Jawahar Navodaya Vidyalaya

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Jawahar Navodaya Vidyalaya
JNV Logo.svg
All over India except state of Tamil Nadu
MottoPragyanam Brahma
Established1986; 33 years ago (1986)
FounderGovernment of India
School boardCBSE
GradesVI - XII
Number of students11,99,649 as of 31 Dec 2017[1]

Jawahar Navodaya Vidyalayas (JNVs) are a system of alternate schools for gifted students in India. They are run by Navodaya Vidyalaya Samiti, New Delhi, an autonomous organization under the Department of School Education and Literacy, Ministry of Human Resource Development, Government of India. JNVs are fully residential and co-educational schools affiliated to Central Board of Secondary Education (CBSE), New Delhi, with classes from VI to XII standard. JNVs are specifically tasked with finding talented children in rural areas of India and providing them with an education equivalent to the best residential school system, without regard to their families' socio-economic condition.[1]

The Navodaya Vidyalaya system is a unique experiment unparalleled in the annals of school education in India and elsewhere. Its significance lies in the selection of talented rural children as the target group and the attempt to provide them with quality education comparable to the best in a residential school system. Such children are found in all sections of society, and in all areas including the most backward.

JNVs exist all over India, with the exception of Tamil Nadu, where anti Hindi movements were widespread during past times.[2] There are approximately 598 JNVs across India as of 2015-16 academic year.[3]


The idea of Jawahar Navodaya Vidyalayas conceived by former Prime Minister of India Rajiv Gandhi.[4][5] The concept of opening a JNV in every district of India was born as a part of the National Policy on Education, 1986 with an aim of providing excellence coupled with social justice.[6] Subsequently, Navodaya Vidyalaya Samiti (NVS) was registered as a society under the Societies Registration Act, 1860.[6]

As per policy of the government, one JNV was to be established in each district of country. To start with, two Jawahar Navodaya Vidyalayas were established during 1985–86, at Jhajjar (Haryana) and Amravati (Maharashtra).[6] As of the 2015-16 academic session, JNVs had been sanctioned for 576 districts. In addition, ten JNVs have been sanctioned in districts having a large population of ST population, ten in districts having a large concentration of SC population and two special JNVs in Manipur, bringing the total number of sanctioned JNVs to 598.[7] Out of these 591 JNVs are functional.[8] In November 2016, the Cabinet Committee on Economic Affairs (CCEA) approved the opening of one JNV in each of the 62 uncovered districts.[8] That will bring the total number of JNVs to 660 once operational.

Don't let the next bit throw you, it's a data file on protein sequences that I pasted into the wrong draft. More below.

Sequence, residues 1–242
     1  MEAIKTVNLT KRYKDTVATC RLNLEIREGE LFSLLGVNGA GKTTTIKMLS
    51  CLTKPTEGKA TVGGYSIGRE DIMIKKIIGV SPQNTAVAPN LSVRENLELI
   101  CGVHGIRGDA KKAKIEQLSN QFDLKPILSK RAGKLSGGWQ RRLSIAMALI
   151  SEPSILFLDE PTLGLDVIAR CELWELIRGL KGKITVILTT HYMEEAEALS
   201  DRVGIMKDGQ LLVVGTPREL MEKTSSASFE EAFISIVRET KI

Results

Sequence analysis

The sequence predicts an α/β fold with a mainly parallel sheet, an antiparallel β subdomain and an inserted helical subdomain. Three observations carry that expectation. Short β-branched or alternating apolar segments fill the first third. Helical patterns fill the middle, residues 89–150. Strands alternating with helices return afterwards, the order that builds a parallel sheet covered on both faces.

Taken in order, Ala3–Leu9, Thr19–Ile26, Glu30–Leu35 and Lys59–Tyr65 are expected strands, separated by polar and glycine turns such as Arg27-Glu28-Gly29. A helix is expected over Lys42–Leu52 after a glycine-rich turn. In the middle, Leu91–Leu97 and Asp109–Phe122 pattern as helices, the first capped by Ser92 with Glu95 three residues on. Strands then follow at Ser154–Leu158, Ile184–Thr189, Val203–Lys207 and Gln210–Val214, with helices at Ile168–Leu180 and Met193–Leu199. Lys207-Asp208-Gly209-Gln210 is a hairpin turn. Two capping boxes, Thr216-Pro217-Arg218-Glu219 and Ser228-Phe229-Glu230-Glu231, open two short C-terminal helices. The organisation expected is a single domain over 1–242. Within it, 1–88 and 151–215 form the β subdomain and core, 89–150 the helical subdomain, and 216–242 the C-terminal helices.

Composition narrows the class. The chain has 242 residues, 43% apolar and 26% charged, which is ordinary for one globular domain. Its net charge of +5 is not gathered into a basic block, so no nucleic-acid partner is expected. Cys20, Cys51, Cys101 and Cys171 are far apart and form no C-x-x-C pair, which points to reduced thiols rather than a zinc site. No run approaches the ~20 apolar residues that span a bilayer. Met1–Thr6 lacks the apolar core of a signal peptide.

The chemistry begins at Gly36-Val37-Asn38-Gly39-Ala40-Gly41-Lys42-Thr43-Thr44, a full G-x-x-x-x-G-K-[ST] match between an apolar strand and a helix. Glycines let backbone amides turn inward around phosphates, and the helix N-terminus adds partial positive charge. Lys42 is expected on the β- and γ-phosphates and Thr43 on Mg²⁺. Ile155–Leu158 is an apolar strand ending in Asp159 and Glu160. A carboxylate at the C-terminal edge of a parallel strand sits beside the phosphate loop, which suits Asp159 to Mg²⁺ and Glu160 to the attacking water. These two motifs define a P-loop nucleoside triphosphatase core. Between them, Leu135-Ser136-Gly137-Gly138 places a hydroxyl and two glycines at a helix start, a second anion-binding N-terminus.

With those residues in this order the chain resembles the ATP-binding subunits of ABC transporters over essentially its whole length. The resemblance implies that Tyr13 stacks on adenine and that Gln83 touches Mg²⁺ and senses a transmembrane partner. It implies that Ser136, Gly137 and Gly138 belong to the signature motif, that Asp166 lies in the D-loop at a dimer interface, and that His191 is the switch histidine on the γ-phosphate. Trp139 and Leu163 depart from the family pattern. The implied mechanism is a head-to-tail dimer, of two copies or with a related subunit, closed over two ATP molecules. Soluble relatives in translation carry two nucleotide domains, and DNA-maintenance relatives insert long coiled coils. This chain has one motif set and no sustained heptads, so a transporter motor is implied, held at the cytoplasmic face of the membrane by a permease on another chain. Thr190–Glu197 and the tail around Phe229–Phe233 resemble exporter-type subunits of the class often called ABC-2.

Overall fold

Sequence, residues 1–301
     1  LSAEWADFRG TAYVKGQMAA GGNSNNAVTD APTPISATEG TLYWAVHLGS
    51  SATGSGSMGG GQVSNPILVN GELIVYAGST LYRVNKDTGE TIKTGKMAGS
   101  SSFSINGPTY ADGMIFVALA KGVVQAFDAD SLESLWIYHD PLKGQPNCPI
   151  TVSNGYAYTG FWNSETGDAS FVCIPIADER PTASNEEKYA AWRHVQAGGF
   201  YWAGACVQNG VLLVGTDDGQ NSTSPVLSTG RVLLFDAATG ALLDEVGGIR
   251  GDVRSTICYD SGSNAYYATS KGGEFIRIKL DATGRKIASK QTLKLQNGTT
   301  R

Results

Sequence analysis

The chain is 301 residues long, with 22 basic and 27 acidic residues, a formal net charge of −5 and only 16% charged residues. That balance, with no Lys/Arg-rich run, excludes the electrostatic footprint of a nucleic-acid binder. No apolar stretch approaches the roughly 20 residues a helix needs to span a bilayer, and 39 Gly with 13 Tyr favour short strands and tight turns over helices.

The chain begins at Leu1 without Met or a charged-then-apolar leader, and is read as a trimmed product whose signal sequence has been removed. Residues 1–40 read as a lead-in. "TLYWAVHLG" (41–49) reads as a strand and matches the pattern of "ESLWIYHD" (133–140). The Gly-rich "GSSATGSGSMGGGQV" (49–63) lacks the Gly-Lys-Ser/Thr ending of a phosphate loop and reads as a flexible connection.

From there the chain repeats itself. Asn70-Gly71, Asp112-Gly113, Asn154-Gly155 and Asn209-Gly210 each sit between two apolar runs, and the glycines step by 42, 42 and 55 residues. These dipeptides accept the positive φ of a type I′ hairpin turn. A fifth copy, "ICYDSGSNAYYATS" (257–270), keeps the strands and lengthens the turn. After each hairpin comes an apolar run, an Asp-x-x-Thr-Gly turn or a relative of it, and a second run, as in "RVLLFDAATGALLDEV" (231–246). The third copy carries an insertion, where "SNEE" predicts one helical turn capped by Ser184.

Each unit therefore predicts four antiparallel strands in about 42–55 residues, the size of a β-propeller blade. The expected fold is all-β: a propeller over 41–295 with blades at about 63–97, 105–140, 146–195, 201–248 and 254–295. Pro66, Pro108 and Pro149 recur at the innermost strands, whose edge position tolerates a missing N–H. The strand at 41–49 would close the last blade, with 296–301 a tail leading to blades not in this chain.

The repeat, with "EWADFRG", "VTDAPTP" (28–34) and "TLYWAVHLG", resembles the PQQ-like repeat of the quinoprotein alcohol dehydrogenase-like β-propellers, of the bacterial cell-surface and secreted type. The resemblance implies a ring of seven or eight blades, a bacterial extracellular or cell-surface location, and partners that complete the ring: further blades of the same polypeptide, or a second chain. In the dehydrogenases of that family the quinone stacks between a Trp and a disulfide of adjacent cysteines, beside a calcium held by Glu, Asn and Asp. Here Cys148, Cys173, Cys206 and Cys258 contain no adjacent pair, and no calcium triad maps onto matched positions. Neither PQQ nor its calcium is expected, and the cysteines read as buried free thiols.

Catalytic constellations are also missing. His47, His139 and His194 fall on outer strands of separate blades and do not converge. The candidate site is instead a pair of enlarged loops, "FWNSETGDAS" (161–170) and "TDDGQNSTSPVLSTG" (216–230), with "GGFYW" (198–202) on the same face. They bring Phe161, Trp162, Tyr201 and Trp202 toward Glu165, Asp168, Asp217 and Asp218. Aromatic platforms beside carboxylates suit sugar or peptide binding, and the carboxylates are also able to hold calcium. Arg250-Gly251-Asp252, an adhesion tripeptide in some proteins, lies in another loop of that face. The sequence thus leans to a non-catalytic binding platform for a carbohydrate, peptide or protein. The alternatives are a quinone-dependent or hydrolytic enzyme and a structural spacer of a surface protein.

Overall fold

Organisational structure[edit]

Navodaya Vidyalayas are run by the Navodaya Vidyalaya Samiti (NVS), an autonomous organisation under the Ministry of Human Resource Development, Department of School Education and Literacy, Govt. of India. The Chairman of the Samiti is the Minister of Human Resource Development.[9][10]

The Samiti functions through the Executive Committee under the Chairmanship of the Minister of HRD. The Executive Committee is responsible for the management of all affairs including allocation of funds to the Samiti and has the authority to exercise all powers of Samiti. It is assisted by two sub-committees, the Finance Committee and Academic Advisory Committee.[10] The executive head of the administrative pyramid is the Commissioner who executes the policies laid down by the Samiti's Executive Committee. He/she is assisted at the Headquarters level by Joint Commissioners, Deputy Commissioners and Assistant Commissioners. The Samiti has established eight regional offices for the administration and monitoring of Navodaya Vidyalayas under their jurisdiction. These offices are headed by a deputy commissioner and assistant commissioners.[10]

For each JNV, there is a Vidyalaya Advisory Committee for assistance on matters of academics, infrastructure and other general activities and a Vidyalaya Management Committee for budget preparation, selection of ad-hoc teachers and proper functioning of the school.[9] Normally the district collector of the concerned district is the ex-officio chairman of school level committees with local educationists, public representatives and officers from the district as members. Some schools also have a Vidhyalaya Coordination Committee for looking after performance of academics.[9][10]

List of schools[edit]

At present, there are 598 functional residential schools, which are administrated, according to the following table, by eight regional offices located at Bhopal, Chandigarh, Hyderabad, Jaipur, Lucknow, Patna, Pune and Shillong with jurisdiction over different states and UTs.[10]